Some survey questions feel suspiciously like a trap… making you paranoid about every interaction for the next couple of weeks. Don’t they normally use more exclamation marks than that? Was there a lag, or were they speaking over me on purpose in that call?!
You need the right questions, yes (and we can help you with that). But how can you make your employees feel like it’s safe to answer honestly – and that it’s worth their time?
From engagement survey communications to reminder emails to complete your D&I survey, it’s absolutely crucial that you don’t neglect this part of your listening strategy.
You can calm every fear, answer every unasked question, and encourage honest responses – as long as your survey communications do all this:
“Are employee surveys really confidential?” and “Should you be honest in employee surveys?” are two questions that come up a lot. In your first introductory email, you should state whether the survey will be anonymous and confidential – read about the difference here – and explain what that means.
Don’t forget: if you use Qlearsite’s platform, for every survey you send we make it impossible to identify who’s said what – however small your organisation is.
If you’re asking personal questions – about people’s mental health, or feelings around inclusion – then employees would be forgiven for wondering why. What business is it of yours? Be clear about the purpose of each survey you sent, sending an introductory email that tells them what the end goal is. If they know it could lead to positive initiatives, they’ll know your intentions are good – and see the benefit of replying.
This is a challenging one – especially if you’ve got feedback that’s less than complimentary to your organisation. But it’s an important part of building trust with your people. If you hold your hands up about your strengths and weaknesses, people will feel heard. They’ll also see that giving honest feedback is worth their time.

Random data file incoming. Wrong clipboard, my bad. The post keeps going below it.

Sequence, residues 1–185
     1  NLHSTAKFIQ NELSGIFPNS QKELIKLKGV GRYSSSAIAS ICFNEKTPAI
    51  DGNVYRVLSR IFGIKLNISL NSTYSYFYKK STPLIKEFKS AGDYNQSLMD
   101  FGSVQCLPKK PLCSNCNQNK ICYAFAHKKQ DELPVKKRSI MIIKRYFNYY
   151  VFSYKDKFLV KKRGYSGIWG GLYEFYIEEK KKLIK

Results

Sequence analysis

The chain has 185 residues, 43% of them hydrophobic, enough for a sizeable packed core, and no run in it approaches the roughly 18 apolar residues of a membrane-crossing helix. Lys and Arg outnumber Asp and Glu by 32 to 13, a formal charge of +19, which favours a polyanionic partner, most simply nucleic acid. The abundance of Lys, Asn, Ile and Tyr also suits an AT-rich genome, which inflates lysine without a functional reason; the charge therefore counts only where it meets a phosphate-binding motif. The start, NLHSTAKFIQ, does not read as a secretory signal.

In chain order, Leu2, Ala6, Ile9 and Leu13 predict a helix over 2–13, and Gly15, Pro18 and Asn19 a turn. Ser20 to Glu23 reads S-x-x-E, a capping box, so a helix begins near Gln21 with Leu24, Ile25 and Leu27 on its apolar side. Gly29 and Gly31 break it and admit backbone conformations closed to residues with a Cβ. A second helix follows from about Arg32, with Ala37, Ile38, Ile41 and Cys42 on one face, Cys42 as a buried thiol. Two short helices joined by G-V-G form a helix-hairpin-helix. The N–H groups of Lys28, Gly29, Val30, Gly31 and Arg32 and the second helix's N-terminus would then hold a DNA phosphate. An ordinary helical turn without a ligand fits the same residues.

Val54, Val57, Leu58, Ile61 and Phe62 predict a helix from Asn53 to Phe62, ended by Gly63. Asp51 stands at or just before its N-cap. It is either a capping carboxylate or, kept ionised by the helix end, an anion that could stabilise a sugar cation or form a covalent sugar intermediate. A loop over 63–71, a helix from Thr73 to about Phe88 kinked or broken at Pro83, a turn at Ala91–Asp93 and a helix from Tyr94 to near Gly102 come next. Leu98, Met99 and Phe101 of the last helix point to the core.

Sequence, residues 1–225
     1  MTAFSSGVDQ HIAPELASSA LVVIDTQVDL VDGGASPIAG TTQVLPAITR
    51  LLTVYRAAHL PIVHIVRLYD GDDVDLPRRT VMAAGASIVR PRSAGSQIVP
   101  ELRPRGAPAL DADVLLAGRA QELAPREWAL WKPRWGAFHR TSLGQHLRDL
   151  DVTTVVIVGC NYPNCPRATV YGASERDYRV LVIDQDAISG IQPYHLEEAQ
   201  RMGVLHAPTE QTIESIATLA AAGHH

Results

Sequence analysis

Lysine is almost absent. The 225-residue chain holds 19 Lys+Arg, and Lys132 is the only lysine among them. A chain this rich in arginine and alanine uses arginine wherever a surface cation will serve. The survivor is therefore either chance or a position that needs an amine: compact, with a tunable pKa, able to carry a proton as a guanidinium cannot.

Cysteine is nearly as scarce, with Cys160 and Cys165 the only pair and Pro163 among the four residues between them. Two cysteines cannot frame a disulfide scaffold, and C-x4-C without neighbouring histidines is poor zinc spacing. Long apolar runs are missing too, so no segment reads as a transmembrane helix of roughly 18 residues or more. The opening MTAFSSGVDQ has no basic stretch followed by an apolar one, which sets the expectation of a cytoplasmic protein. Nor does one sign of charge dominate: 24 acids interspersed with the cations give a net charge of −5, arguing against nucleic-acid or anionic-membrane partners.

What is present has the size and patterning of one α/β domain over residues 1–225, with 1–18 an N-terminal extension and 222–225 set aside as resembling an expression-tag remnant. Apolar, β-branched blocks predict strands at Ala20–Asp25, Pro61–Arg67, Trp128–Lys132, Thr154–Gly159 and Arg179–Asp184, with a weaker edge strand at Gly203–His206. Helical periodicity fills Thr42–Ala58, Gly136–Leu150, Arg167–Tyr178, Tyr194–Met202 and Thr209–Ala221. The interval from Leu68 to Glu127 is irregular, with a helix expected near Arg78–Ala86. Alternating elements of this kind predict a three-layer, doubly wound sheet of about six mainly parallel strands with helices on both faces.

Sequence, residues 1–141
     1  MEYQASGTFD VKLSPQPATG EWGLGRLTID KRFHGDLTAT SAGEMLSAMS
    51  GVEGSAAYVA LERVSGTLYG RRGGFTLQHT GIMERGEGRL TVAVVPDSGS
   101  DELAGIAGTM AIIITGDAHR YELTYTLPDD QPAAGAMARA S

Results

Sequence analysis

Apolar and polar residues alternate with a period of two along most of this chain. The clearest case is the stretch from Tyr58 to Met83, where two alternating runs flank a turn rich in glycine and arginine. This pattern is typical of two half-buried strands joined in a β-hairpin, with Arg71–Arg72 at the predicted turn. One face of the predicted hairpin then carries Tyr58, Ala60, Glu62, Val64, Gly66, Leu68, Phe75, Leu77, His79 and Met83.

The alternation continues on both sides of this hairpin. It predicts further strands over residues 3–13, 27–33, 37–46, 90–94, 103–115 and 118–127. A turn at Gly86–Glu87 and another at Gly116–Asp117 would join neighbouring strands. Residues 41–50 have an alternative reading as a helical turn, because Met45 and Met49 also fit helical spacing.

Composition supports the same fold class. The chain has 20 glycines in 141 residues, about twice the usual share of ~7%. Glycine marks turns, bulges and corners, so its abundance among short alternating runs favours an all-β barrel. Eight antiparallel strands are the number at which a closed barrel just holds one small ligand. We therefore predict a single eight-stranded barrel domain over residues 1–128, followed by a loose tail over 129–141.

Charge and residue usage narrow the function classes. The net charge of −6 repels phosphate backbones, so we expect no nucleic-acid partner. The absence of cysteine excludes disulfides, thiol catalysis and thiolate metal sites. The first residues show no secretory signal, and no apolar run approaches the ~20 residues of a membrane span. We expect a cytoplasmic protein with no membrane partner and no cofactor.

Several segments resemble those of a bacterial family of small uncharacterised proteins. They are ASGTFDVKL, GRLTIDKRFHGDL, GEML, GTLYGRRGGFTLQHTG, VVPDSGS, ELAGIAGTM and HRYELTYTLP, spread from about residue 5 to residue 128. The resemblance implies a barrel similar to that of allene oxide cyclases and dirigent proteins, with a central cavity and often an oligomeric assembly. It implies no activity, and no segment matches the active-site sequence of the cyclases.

When the survey’s closed, and you’ve done your initial analysis, communicate the highlights (and lowlights) and explain what happens next. Maybe the top team will have a strategy day, or assign managers particular tasks – whatever it is, make that clear.
Make it clear in your communications that people can approach their managers if they have more questions. You won’t be able to cover everything in one email or text – and if you did, no-one would read it.
Don’t forget: thanks to our survey dashboard, you can let managers see and analyse their team’s feedback – and set key actions for them to take.
A survey done, results analysed, strategy set. What next? Update your employees! If you’ve got an impressive new initiative in the works, don’t be shy to shout about it – and remember to explain how it’s a direct result of the survey they answered. They’ll be more likely to respond to your next one.
Whether you’re using email, text, or another messaging system, you should aim to send these communications to your employees:
We know that employee surveys can make change happen. But we also know traditional surveys can be time-consuming. That’s why we’re focused on making the process as easy as possible: not only do we offer research-backed question sets, we’ll even give you templated survey communications to make life a little easier.
Talk to the team today for more helpful advice: